Table 12.

Barcol hardness test results for the 6, 8, and 10mm thick laminate specimens.

Sample No.  Barcol hardness number (HB) (average of 5 points on a specimen)
  6mm  8mm  10mm 
43.40  46.60  45.40 
45.80  49.20  52.40 
42.40  48.40  49.40 
42.20  45.40  48.80 
42.60  43.80  52.60 
Average  43.28  46.68  49.72 
Table 13.

ANOVA results for Barcol hardness.

Source  DF  Adj SS  Adj MS  F-value  P-value 
Factor  103.79  51.896  9.87  0.003 
Error  12  63.10  5.259     
Total  14  166.90       

The ANOVA result for flexural strength at 95% confidence interval validates the obtained experimental result and proves that there is a significant effect of thickness on the hardness, as the obtained ‘P-value’ is less than the α value of 0.05. The high range of ‘F-value’ of 9.87, being greater than the Fcrit=3.7, proves the fact that the variance within the group is lesser than the variance between the group. Thickness is proved to contribute 62.19% toward the variance in the hardness corresponding to a nearly high degree of correlation (78.86%). The hardness is defined as the resistance to permanent indentation or penetration. In simple words, it is the resistance to the plastic deformation [30]. The increase in thickness implies the increase in fiber layers. The increase in the fiber contents increases the hardness of the composites [31,32]. The same effect is seen in the experimental test results.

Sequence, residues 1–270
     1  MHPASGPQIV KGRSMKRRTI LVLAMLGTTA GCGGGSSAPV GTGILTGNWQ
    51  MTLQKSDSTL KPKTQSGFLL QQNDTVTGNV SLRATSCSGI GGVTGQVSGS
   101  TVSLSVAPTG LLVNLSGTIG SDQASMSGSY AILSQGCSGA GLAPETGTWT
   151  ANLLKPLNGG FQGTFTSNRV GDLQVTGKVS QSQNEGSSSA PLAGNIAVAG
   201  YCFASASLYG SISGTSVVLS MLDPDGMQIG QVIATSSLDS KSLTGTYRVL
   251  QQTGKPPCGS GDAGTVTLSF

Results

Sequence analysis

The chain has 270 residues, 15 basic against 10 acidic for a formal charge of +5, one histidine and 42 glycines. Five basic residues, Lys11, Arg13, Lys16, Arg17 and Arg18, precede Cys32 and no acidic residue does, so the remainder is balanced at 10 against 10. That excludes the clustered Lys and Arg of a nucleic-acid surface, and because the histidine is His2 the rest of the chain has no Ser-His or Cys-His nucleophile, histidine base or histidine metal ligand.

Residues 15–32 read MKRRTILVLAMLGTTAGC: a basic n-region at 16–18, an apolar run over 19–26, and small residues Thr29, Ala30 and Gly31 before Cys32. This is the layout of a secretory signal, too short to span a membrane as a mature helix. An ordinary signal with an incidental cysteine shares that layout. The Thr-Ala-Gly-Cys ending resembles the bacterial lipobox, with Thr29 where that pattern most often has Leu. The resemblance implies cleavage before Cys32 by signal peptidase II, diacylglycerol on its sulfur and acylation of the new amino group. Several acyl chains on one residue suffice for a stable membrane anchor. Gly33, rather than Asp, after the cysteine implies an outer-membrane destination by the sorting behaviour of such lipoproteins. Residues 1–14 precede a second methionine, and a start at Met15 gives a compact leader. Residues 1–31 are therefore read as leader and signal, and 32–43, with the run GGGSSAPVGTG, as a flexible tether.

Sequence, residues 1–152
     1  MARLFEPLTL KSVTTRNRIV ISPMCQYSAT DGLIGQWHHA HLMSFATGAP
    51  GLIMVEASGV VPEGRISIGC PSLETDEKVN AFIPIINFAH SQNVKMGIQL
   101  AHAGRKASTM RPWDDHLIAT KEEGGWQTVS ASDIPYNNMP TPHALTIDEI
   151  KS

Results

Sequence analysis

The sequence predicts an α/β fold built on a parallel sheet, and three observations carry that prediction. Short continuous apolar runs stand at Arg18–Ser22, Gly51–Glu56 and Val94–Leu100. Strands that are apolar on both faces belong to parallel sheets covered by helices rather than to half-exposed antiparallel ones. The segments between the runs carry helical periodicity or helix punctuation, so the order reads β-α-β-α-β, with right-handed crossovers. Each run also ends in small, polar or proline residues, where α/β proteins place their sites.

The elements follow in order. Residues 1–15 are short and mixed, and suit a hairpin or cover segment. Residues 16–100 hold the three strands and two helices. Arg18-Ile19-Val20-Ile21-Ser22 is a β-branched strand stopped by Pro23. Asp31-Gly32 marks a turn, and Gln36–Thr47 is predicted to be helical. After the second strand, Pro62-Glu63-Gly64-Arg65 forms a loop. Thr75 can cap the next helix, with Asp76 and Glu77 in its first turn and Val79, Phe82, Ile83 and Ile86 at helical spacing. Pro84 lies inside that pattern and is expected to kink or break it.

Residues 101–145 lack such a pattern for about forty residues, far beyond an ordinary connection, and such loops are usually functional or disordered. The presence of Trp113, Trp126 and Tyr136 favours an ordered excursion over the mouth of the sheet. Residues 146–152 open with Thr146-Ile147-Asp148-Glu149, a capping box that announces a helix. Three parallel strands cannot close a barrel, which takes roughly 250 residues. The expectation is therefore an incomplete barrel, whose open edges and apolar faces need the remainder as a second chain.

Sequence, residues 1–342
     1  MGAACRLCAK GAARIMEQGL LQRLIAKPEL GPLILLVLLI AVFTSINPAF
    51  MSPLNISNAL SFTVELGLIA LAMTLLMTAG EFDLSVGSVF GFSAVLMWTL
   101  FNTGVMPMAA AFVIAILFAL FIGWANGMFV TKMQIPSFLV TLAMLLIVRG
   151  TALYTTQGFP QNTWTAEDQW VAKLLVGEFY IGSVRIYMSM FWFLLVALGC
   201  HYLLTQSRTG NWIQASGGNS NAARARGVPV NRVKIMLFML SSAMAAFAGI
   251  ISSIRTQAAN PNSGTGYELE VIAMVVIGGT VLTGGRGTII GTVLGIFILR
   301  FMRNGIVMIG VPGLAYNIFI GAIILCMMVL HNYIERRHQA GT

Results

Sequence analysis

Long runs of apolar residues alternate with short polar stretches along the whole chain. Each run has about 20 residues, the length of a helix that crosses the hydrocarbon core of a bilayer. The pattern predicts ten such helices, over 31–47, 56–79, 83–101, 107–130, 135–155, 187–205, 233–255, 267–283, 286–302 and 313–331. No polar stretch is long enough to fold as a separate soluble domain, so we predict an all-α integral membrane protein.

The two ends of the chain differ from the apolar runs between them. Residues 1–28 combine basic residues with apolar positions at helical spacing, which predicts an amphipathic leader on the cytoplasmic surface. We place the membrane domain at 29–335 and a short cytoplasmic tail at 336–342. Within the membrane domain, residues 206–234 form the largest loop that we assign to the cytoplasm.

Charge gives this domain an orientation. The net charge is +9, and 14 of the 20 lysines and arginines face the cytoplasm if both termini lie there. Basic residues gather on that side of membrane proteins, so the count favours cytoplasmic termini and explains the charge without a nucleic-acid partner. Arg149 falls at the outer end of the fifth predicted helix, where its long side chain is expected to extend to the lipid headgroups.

3.5Microstructural studies

The microstructure of the fabricated glass fiber reinforced isophthalic polyester composites is investigated using the scanning electron microscopic (SEM) analysis. The SEM images of 6, 8, and 10mm specimen are shown in Figs. 11–13, respectively. From the obtained SEM images, it is evident that the compact interfacial bonding between the glass fiber and the isophthalic polyester resins decreases with the increase in the thickness. The compact bonding between the reinforcing fiber and binding matrix is high in 6mm specimen and least in 10mm specimen.

Fig. 11.

SEM image for the 6mm thick glass fiber reinforced polyester composites.

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Fig. 12.

SEM image for the 8mm thick glass fiber reinforced polyester composites.

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Fig. 13.

SEM image for the 10mm thick glass fiber reinforced polyester composites.

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The voids increase with the increase in thickness, which validates the previously obtained results of decrease in the flexural strength and occurrence of the delamination during the tensile test with the increase in the thickness. The random orientation of glass fibers is also observed, which leads to anisotropic behavior, leading to angular failure of the specimen during the tensile testing.